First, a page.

When the old inspires the modern and contemporary design
In 2021, at the Salone del Mobile (Furniture Fair) in Milan, the haute couture house Dior invited 17 designers and artists to present “their” version of the famous Louis XVI style medallion chair designed
by the carpenter Louis Delanois in 1769. A timeless symbol of French elegance, the medallion chair
welcomed visitors to the famous haute couture house in its boutiques. This anecdote tells you that modern and contemporary designers have often been inspired by classical furniture to express their creative talent. Here is a look at classic or modern designs
revisited with boldness and taste !
In 1972, the American-Canadian architect and designer Frank Gehry (1929) paid tribute to the Dutchman Gerrit Rietveld (1888-1964) and his radical creation, the Zig Zag chair. Made in 1934, the Zig Zag chair is an incredible embodiment of the letter Z. With this chair, Rietveld applied the ideas of the Dutch De Stijl movement, to which he belonged for a number of years: ‘pure’ and minimal forms in dynamic balance
Gehry created the Wiggle Side Chair in 1972. As with its predecessor, the object created does not go unnoticed and its composition is questionable: cardboard plates are arranged at right angles and glued together. Surprisingly, the seat remains solid and the cardboard is malleable enough to allow for “S” shaped curves.
The designer Alessandro Mendini (1931-1919) became a legend in Italian design with a piece of furniture that leaves no one indifferent. In 1978 he designed the Proust armchair, a tribute to the author of A la recherche du temps perdu. Since the idea of memory and time is part of the French writer’s work, Mendini also decided to remember another era, and decided to bring the Regency-style armchair back into fashion.
What does Mendini do? He delivers a version of a Regency shepherdess with exaggerated lines that incorporates small touches of acrylic paint, in the image of the pointillism of the painter Paul Signac. Kitsch? baroque? the Proust armchair can be appreciated in different ways, but one thing is certain: it breaks with industrial design to allow for true artistic creation.
In 2002, Philippe Starck (1949) proposed a new take on the Louis XVI style medallion chair, for what was to be a worldwide commercial success. The Louis Ghost chair takes up the aesthetic codes of the Louis XVI armchairs, but in all transparency! The seat borrows simple, straight lines and a tapered base from the original model, but it is made with polycarbonate injection in a single mould, a material that is both transparent and coloured. The result is a work that is both baroque and modern.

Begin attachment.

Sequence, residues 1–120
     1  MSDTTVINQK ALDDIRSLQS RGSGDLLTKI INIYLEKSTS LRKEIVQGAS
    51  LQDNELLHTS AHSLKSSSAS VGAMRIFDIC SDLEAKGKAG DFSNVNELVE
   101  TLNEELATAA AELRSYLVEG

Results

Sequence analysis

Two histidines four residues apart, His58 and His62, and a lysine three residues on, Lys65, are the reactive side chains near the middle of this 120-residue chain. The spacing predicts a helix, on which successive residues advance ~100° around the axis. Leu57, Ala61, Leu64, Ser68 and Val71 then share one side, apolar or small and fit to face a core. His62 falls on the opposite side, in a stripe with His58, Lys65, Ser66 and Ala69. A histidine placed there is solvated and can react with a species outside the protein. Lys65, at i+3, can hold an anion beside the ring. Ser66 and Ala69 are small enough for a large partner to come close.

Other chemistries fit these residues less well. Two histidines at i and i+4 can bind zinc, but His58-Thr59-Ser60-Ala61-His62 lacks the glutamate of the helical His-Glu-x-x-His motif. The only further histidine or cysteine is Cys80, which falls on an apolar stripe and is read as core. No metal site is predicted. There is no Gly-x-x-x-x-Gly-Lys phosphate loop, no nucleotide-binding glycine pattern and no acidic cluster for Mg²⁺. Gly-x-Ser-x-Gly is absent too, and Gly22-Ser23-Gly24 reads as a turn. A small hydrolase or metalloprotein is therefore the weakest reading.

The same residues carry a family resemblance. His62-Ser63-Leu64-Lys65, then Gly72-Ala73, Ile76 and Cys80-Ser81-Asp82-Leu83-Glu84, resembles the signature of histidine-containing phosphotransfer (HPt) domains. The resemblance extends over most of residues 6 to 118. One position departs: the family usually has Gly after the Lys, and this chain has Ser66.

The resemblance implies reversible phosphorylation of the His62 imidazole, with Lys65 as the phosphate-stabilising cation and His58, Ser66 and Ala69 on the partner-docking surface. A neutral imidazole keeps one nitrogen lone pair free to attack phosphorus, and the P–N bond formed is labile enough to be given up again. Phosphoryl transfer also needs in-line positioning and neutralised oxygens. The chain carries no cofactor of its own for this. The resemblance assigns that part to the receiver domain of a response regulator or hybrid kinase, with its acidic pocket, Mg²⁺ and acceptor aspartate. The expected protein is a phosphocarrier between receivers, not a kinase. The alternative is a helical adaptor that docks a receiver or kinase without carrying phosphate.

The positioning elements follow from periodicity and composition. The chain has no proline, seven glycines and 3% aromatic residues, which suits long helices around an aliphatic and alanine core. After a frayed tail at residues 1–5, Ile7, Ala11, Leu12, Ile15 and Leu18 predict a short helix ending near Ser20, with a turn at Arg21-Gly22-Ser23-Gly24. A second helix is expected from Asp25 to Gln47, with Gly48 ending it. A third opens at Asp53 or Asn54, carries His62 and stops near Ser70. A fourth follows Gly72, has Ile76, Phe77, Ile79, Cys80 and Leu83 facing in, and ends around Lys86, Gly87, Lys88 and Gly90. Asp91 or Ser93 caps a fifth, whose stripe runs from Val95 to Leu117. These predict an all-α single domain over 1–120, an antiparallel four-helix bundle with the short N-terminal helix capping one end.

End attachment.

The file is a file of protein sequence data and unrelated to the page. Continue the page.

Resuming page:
You are probably familiar with the bistro chair made by the manufacturer Thonet. Made in 1851 by Michael Thonet (1796-1871), it has since travelled the world. Model No. 14 of this chair, designed in 1859, made it internationally famous: small, elegant and discreet, it can be found in all European cafés. Keen to keep the legend alive, the German publisher has since produced a whimsical and mischievous contemporary model of its famous chair: the 214 K “Knot chair”, which recalls the genius of its inventor for his mastery of the technique of bending beech wood.
In 2009, to celebrate the 150th anniversary of its Chair 14, Thonet teamed up with Japanese retailer Muji to offer a more streamlined version of its iconic seat. This collaboration saw English designer James Irvine, creative director at Thonet, come up with an all-wood version. Another collaboration around the 14 chair: with The Conran Shop, Thonet let the Italian designer Martino Gamper (1971) create several models derived from the original Thonet n°14.
Among contemporary designers, the German Konstantin Grcic (1965), known for his non-conformism and creativity, revisits a great classic of the living room: the famous Club chair. For the publisher Plank, he designed Avus, a seat with a refined elegance that borrows from modern processed materials and innovative technologies from the automotive and sports industries.
Finally, I couldn’t end this post without mentioning 2 icons of modern design that have their inspiration in the art world. The first one originates from the bronze sculpture Floating Figure, by the French sculptor Gaston Lachaise, created in 1927. The designer couple Charles & Ray Eames transformed their vision of the work into a seat with a terribly poetic organic design! Thus was born La Chaise in 1948..
The second is the interest of its Italian creators, Achille Castiglioni and his brother Pier Giacomo, in the concept of the “ready-made” theorised by the artist Marcel Duchamp. This is how they used and diverted everyday objects from their original purpose. With the famous Arco floor lamp, inspired by a fishing rod and a car headlight, the Castiglioni brothers revived this concept. The same is true when they turned a tractor seat into a stool, or when they used a bicycle seat to make a high adjustable stool!